Town hall sends powerful message from opioid crisis front line

Image 1 of 4

A growing number of metro Detroiters are getting caught up in drug abuse with opioid or heroin. A town hall in Warren was held Wednesday night to educate on the crisis and offer treatment.

Opioids are killers. In 2016 roughly 64,000 people died in the U.S. from an overdose. That breaks down to 175 per day. One of those deaths per day is in Macomb County alone. And it’s getting worse. 

"2017 will be a record year and that's obviously a bad thing," said Dr. Daniel Spitz, Macomb County chief medical examiner.

Last year alone, opioids killed people from 16 to 92 years old. And with that in mind, schools in metro Detroit and beyond are taking a proactive approach. 

"We have to train staff to know the warning signs in children from very young all the way up through high school and they go to ongoing training whether with the county or the Michigan Department of Education," said Piper Bognar, superintendent of Van Dyke Schools.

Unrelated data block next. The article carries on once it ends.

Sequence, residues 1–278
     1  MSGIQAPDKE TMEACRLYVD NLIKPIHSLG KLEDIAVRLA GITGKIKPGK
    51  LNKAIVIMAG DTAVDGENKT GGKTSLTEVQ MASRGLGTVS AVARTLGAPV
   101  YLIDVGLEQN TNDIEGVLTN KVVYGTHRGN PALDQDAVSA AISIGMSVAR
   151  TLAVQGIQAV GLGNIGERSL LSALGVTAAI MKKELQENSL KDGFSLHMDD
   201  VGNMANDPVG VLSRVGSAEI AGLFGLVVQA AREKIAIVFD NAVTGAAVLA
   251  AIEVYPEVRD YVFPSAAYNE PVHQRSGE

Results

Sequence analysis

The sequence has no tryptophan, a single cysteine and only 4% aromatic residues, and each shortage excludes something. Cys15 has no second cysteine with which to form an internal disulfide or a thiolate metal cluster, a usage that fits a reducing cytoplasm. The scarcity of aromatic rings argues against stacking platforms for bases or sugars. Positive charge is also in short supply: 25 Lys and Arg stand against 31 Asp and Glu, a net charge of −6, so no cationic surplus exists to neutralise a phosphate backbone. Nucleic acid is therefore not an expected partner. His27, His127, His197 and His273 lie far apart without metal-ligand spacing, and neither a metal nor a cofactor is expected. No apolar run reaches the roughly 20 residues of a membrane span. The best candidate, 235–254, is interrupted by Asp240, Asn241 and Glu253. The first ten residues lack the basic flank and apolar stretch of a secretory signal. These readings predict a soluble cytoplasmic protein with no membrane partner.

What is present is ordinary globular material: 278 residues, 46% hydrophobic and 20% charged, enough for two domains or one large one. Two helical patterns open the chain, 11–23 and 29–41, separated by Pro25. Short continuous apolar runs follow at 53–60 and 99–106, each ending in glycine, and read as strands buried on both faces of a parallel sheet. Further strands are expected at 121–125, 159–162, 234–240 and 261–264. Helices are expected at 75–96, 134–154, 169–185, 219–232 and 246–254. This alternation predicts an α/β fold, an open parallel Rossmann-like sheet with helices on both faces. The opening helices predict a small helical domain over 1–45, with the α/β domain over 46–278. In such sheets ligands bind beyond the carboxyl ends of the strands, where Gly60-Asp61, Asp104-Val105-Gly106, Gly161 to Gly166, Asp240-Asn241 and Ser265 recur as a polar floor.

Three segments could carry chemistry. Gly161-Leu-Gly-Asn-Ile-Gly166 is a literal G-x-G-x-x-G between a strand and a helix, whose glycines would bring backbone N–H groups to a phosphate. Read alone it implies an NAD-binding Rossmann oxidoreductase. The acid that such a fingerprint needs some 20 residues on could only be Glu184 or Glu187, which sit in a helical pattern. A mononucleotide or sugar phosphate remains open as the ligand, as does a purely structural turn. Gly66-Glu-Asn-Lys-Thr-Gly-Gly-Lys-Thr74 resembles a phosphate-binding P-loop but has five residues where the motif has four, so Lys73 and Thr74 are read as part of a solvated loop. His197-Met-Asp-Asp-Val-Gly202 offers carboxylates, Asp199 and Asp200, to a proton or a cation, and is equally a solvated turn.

In fact, heroin education will soon be part of the everyday curriculum in all schools in Michigan, meaning students as young as middle school aged will be required to learn about the drug. And kids say it should continue at home. 

"If you tell them at a young age that drugs aren't good and this is the consequences behind it," said Kendall Rogers, Van Dyke High School senior. "If you tell them the truth, they don't have a choice but to listen."

Part of that education process took place for 130 people Wednesday night in the auditorium of Van Dyke High School. 

FOX 2's Amy Lange led a panel of experts who weighed in local problems with the drug and what can be done about it.

According to the U.S. Attorney's Office, pot used to be the most profitable drug for the cartels in Mexico. But the ease of which people can get their hands on it left a hole in the market, which was filled by heroin. 

"Instead of having to import heroin from Burma or Thailand, they grow opium poppies in Mexico," said Daniel Lemisch, 1st Assistant US Attorney. "They refine that into heroin in Mexico. It is much easier to transport that less, very powerful inexpensive heroin from Mexico than transporting halfway around the world."

There is hope. More than 870 people have been placed into recovery through Hope Not Handcuffs, a program that allows a user to walk into police stations and ask for help.

If you'd like more information on Hope Not Handcuffs, click here